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Adidas UltraBoost Uncaged Parley
Adidas
Plastic garbage never looked so good.
BORN AGAIN

Adidas is making a million pairs of its much-anticipated sneakers created from recycled ocean plastic

By Marc Bain

For more than a year, Adidas has been teasing the release of a shoe made almost entirely from discarded plastic fished out of the oceans. It revealed its first prototype of the sustainable sneaker, created in collaboration with environmental organization Parley for the Oceans, in June 2015. Finally, in mid-November, the first mass-produced quantity—7,000 pairs, to be exact—will go on sale, and according to Adidas, that’s just the start.

“We will make one million pairs of shoes using Parley Ocean Plastic in 2017—and our ultimate ambition is to eliminate virgin plastic from our supply chain,” Eric Liedtke, an Adidas executive board member responsible for global brands, said in a Nov. 4 statement.

The initial batch of sneakers, called the UltraBoost Uncaged Parley, will be made of 95% plastic debris, such as bottles and packaging, that has been reprocessed into a new textile. Parley captured the litter in the coastal areas of the Maldives. The remaining 5% of the sneaker is recycled polyester, and the laces, heel lining, and other parts are made of recycled materials as well. The sneakers also feature Adidas’ popular Boost sole.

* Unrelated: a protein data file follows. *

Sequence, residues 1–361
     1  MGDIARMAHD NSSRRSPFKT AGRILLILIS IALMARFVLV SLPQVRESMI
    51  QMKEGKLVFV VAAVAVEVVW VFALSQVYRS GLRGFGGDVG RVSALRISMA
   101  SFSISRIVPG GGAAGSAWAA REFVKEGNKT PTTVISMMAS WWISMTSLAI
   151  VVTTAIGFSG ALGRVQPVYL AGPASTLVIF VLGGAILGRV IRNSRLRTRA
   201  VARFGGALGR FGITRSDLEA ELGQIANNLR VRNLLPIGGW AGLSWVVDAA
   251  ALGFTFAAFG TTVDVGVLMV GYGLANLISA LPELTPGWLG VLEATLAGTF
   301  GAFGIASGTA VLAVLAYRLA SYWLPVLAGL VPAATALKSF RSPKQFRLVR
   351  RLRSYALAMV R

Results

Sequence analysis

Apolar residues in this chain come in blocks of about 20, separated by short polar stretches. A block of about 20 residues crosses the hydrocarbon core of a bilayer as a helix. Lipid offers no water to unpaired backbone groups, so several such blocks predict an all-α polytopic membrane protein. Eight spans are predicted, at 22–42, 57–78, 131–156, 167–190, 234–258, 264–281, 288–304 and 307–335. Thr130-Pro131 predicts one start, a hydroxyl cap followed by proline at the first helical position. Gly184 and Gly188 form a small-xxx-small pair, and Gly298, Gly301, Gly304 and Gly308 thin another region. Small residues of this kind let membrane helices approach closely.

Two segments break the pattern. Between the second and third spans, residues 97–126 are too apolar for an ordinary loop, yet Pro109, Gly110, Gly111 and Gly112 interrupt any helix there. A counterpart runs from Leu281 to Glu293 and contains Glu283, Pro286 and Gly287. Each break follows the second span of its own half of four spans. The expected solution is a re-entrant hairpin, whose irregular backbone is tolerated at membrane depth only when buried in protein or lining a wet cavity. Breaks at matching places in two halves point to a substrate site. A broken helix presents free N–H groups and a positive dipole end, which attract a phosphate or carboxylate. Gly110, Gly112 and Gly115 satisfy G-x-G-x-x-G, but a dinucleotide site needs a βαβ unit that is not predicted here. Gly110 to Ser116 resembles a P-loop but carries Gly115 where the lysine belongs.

Adidas’s goal of removing all virgin plastic from its supply chain is ambitious, but certainly worthy. One study concluded the equivalent of 136 billion milk jugs are dumped in the oceans each year, and the material doesn’t break down. More recycling efforts are needed, and since plastic, usually in the form of polyester, is a main component of a great deal of apparel and footwear, Adidas’ project with Parley offers a smart way to turn the problem into a resource.

“At this point, it’s no longer just about raising awareness,” Cyrill Gutsch, founder of Parley for the Oceans, said in a statement. “It’s about taking action and implementing strategies that can end the cycle of plastic pollution for good. Eco-innovation is an open playing field.”

Adidas
The design is inspired by waves.

The companies also created jerseys from the reclaimed plastic for soccer clubs Bayern Munich and Real Madrid. Bayern will wear its jersey at its Nov. 5 game against TSG 1899 Hoffenheim, while Real Madrid will play its Nov. 26 match against Real Sporting de Gijón in the jerseys.

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